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Iran Says U.S. Attacked Oil Ministry

Iran said on Monday that the attack on its Oil Ministry was carried out by U.S. hackers, citing the results of internal investigations.

The new information comes to light after a New York Times report, excerpting a book written by one of their reporters, said that the Obama administration was behind the Stuxnet attack that crippled an Iranian nuclear power plant.

Last month, senior officials within Iran’s Oil Ministry said that they had determined the attacker’s agenda after the cyberattack in April. At the time, they would not disclose any information citing ongoing investigations. However, all of that seems to have changed now that the cat is out of the bag on Stuxnet.

Seyed Kamal Hadianfar, who is the head of Information Production and Exchange Department of the Law Enforcement Police General, told state media (FARS) over the weekend that “2 American IPs were identified in the attack against the oil ministry.”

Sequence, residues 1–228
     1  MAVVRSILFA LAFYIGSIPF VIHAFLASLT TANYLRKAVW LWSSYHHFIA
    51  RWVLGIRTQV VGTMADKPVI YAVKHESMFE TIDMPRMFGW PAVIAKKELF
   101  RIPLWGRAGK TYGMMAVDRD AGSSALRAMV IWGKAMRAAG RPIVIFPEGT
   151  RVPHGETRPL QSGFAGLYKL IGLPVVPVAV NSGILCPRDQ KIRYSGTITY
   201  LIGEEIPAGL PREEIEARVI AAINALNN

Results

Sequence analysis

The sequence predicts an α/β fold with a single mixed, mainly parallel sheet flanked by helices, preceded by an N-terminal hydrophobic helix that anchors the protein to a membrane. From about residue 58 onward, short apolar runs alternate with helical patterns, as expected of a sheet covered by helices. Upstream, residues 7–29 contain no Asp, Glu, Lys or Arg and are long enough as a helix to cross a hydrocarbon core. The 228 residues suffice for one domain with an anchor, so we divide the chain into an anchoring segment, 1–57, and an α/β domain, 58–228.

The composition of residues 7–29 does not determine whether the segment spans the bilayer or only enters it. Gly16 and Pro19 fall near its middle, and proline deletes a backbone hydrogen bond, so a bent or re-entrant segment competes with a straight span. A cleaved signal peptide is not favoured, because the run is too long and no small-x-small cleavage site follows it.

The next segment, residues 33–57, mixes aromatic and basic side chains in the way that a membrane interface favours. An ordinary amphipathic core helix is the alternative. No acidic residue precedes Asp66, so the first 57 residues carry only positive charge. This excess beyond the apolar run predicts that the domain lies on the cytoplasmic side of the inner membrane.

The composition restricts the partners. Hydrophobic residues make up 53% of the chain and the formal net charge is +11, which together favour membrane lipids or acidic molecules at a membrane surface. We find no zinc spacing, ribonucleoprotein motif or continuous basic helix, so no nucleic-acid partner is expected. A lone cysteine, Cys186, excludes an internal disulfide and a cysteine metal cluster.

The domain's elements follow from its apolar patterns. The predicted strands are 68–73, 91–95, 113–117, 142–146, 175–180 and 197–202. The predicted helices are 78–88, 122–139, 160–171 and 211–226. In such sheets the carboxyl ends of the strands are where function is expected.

Hadianfar said that the U.S. should disclose the assignment records for the addresses, so that his country can identify them and file a lawsuit.

According to reports, the alleged U.S.-based attackers failed to penetrate the oil ministry’s network with a virus during the April attack, which was initiated in order to steal or destroy critical information.

Deputy Oil Minister Hamdollah Mohammadnejad told FARS “those who design and develop such viruses are pursuing specific goals.”

Monday’s report made no mention of Stuxnet directly, though earlier reports from the AFP compared to two attacks on equal footing.

Earlier in March, Iran announced plans to strengthen its cyber security measures with the establishment of the Supreme Council of Cyberspace. The council, state media reported, would “establish the National Center for Cyberspace that will allow gaining complete knowledge about the activities in cyberspace on domestic and international scales...”

 

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Steve Ragan is a security reporter and contributor for SecurityWeek. Prior to joining the journalism world in 2005, he spent 15 years as a freelance IT contractor focused on endpoint security and security training.